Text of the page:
Cassel estimated that Hinge will have 8 million subscribers in 2030, generating $2.8 billion in revenue compared to $60 million in 2020. In addition, Hinge could charge more for its dating service than Tinder, since Hinge’s demographic consists of urban millennials rather than college-aged daters.

Source: Match Group

Hinge subscriptions start at $19.99 for one month. Tinder’s plans range from $9.99 to $29.99 per month.

Since acquiring Hinge, Match has focused on expanding Hinge’s revenue-generating features to increase ARPU.

Hinge launched in-app purchases this year, including virtual roses that daters can give each other akin to Tinder’s Super Like, and Standout prompts to spur conversations between daters.

Hinge’s ARPU and subscriptions skyrocketed more than 200% year over year in the third quarter. Match doesn’t report Hinge’s revenue. 

Amid Hinge’s boom, Tinder’s slowdown indicates it has grown as big as it can. 

Match needs a different strategy to remain competitive. 

“The only way now that it can grow is by taking a more niche-oriented route,” said  Mark Brooks, who consults with online-dating companies on marketing strategies through his agency, Courtland Brooks. 

Dawn of the Niche Dating Apps

Bumble’s growing popularity is a threat to Match. With over 100 million users globally, Bumble is reportedly going public next year, seeking a valuation of $6 billion. The valuation would suggest that Wall Street likes its value proposition, that women message their matches first.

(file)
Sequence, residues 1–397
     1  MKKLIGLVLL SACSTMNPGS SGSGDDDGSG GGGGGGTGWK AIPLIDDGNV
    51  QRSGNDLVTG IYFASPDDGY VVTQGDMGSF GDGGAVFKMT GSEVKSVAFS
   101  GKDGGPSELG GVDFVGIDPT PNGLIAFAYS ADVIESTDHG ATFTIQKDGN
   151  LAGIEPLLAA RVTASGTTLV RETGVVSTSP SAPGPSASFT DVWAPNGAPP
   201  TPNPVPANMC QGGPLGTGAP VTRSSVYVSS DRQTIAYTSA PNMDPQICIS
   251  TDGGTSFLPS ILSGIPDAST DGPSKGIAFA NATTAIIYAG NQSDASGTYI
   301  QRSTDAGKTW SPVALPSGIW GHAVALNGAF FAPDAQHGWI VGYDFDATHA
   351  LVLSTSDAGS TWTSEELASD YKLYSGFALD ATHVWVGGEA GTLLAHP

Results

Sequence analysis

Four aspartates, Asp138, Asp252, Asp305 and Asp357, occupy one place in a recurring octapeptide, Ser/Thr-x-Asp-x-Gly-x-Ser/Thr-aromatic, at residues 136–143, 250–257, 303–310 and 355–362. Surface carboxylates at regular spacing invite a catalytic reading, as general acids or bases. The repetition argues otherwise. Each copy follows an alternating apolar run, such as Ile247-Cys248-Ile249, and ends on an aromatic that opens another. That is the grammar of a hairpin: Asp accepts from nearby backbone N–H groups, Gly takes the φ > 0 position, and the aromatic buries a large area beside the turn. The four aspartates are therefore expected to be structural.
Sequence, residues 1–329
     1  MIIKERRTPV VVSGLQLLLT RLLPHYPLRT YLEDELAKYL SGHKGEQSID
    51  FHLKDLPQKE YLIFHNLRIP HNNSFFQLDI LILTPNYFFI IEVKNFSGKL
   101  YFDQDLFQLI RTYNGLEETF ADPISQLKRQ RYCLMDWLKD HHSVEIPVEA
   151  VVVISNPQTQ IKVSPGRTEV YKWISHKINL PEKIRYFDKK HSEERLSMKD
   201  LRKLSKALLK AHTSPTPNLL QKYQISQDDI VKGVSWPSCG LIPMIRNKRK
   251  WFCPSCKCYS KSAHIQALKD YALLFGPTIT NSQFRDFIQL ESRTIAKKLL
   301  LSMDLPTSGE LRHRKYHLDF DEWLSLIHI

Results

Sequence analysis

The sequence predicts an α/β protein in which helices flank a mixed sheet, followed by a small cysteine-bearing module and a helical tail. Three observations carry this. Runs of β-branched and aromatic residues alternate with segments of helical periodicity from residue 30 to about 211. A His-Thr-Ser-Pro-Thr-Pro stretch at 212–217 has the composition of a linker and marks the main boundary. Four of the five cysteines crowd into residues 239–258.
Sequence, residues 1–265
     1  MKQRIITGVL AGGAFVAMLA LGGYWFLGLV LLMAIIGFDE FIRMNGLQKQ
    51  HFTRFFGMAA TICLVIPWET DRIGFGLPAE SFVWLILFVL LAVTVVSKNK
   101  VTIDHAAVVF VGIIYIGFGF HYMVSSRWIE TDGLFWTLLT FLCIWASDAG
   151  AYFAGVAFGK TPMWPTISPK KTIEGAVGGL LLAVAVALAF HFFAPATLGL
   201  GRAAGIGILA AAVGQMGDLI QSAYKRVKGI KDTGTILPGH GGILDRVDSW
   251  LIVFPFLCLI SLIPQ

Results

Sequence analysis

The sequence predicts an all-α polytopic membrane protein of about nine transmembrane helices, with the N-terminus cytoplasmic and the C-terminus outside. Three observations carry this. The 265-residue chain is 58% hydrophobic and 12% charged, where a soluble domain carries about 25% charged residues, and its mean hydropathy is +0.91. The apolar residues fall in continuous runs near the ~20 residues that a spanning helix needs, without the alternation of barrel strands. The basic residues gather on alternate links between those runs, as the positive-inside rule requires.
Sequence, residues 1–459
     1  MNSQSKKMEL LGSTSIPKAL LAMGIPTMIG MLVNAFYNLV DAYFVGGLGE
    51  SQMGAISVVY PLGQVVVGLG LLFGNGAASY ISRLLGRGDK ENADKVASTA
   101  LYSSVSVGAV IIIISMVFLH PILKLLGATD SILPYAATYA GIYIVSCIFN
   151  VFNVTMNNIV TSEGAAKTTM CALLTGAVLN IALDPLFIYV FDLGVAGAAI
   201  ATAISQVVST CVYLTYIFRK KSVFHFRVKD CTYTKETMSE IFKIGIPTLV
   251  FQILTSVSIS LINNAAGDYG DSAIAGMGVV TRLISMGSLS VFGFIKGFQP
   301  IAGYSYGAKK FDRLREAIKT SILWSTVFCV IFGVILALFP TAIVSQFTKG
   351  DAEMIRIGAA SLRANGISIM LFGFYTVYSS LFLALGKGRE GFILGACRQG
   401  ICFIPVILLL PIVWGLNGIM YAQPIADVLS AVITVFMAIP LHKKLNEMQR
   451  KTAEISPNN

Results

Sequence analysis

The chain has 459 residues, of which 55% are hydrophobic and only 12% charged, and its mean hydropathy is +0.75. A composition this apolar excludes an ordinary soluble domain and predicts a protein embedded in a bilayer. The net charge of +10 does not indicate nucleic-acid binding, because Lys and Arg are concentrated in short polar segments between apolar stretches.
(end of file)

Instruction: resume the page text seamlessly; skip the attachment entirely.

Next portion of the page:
“Bumble is brilliant because what they’ve done is soaked up the most in-demand women,” said Brooks.  “The in-demand woman on a Match platform is going to get inundated.”

Match planned to acquire Bumble for $450 million in 2017. But Forbes reported that Bumble rejected the offer. Match acquired Hinge instead. It also launched niche dating apps including BLK and Chispa for the Black and Latino communities. 

The idea was to attract communities of color and provide a safe space, in the same way as Bumble caters to women.

Still, niche dating apps are a challenge for Match because they have smaller potential audiences.

“Match has always had a hard time with niches,” said Brooks. “They like large scalable dating platforms.”

Match launched BLK in 2017 to reach audiences who felt overlooked on mainstream dating apps due to the use of race filters. Match’s OkCupid and Hinge both allow users to choose what races they want to date. Tinder doesn’t have race filters.

Trinity Cross, a 22-year-old student from Madison, Wisconsin signed up for BLK in March because she couldn’t find Black singles who matched her requirements on Tinder.  

“I was just tired of Tinder,” said Cross. “I felt hidden, like washed away. I couldn’t find people who had the same views as me. I couldn’t find Black people.”

Like other apps, BLK has benefited from increased online activity during the pandemic. It had 283,104 downloads in October in the U.S., nearly half as many downloads as Hinge, according to the app data tracker Apptopia. Overall, the app reportedly had 4 million downloads since its launch.

Source: Apptopia

Besides BLK and Chispa, Match recently launched other community-based apps in the U.S., including Upward for Christians and a marriage-minded service Hawaya for Muslims. 
It remains to be seen if Match can continue to grow by managing a broad array of dating apps and undermine Bumble’s challenge as the next big dating app after Tinder.